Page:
In an age of superhero movies and TV anti-heroes, fictional villains are more complex than ever before. This week, Vulture examines villainous entertainment in all its forms.
When The Good Place ended its freshman season on NBC earlier this year, the final moments spectacularly revealed something that is perhaps best described as a forkin’ great twist: Michael, the eccentric and good-natured “architect” of the heavenly Good Place, played by Ted Danson, is actually a conniving son of a bitch who’s been torturing the four protagonists in a beta version of a new and improved Bad Place. It was a gut punch of a twist — which was only more heightened by Michael’s bone-chilling laughter when he’s exposed — and truly nobody saw it coming. Vulture recently called up Danson to discuss the big revelation, his love for playing evil characters, and why the series edged out Westworld in the twist department.
I’d love to know how Mike Schur pitched the show to you, since it’s not a standard comedy that you find on network television these days.
I met him and another writer previously about a different project, and just listening to Mike talk I was so enthralled by how bright and articulate and creative he was. I was really interested in him. I wasn’t sure I wanted to do that project at the time, but before he left he said, “Do you have anything else lined up? I’d still love to talk.” He came back with The Good Place. I knew he had talked to Kristen Bell, so immediately I was interested because we were friends and I have a lot of respect for her and her decision making. She’s very bright; a good buddy. So I sat and I listened for an hour about this amazing tale. Some places Mike hadn’t filled in yet, but it was such a real and bright conversation — he ended our conversation with, “Don’t worry, it’ll be great.” [Laughs.] At the end I only had a few questions, because throughout the whole season Michael has to play a game with one hand tied behind his back, if you will, because he has to keep this secret from the four humans. But also from the TV audience. So I was curious about how we can’t reveal this other side of this character. We had this great conversation, and basically after one hour, after watching Mike talk, Kristen and I said yes without even seeing the script. It was all about Mike and his credentials.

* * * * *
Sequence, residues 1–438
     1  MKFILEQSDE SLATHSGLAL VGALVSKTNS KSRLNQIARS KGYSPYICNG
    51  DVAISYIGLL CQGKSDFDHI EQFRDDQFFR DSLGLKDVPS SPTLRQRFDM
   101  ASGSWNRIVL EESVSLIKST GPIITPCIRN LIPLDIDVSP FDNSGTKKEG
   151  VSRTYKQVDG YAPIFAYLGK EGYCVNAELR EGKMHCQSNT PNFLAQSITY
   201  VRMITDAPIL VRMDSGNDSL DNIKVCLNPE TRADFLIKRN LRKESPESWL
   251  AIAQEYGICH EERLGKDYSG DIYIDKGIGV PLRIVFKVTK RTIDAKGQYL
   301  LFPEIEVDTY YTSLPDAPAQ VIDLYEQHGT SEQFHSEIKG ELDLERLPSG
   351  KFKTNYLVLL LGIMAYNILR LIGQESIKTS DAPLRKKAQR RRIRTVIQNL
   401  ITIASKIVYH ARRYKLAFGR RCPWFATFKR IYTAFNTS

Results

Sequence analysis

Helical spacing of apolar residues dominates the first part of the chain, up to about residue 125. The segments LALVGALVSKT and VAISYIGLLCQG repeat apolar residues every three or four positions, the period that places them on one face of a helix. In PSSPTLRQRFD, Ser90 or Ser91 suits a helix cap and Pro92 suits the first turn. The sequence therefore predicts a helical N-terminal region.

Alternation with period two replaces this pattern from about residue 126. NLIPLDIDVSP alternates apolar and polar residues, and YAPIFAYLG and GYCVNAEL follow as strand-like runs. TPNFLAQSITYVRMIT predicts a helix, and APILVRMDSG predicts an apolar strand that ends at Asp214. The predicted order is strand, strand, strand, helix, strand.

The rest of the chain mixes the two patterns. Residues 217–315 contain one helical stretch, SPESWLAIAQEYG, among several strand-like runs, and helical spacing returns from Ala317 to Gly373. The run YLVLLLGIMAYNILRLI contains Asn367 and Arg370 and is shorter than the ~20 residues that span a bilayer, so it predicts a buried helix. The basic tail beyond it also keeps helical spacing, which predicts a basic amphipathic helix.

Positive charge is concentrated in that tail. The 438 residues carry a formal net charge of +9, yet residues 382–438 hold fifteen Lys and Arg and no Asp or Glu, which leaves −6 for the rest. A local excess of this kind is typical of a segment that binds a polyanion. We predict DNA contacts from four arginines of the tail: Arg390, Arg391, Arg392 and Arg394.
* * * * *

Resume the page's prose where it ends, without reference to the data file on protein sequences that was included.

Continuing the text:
Now that Michael is revealed to be this villainous overlord, how will your performance change in the upcoming season?
I knew the whole story from the beginning, with Kristen and with the writers, of course. But no one else knew. So, how it’s changing now? It’s just delicious. It’s fantastic going from this sweet, kind architect of the Good Place who as soon as the humans leave the room can turn around and have hysterics about how silly and stupid they are, and how much fun he has torturing them. There’s so much more room for humor. He’ll be sandwiched in between his bosses in the Bad Place and his desire to fool the four humans into thinking they’re in the Good Place. It’s wonderful. We’re about halfway through shooting the second season, it’s packed with great twists and turns and funny stuff. We’re no longer trying to create this new world, we’re just having a lot of fun.
Have you found it more enjoyable to play a villain, compared to the eccentric good guy we first met?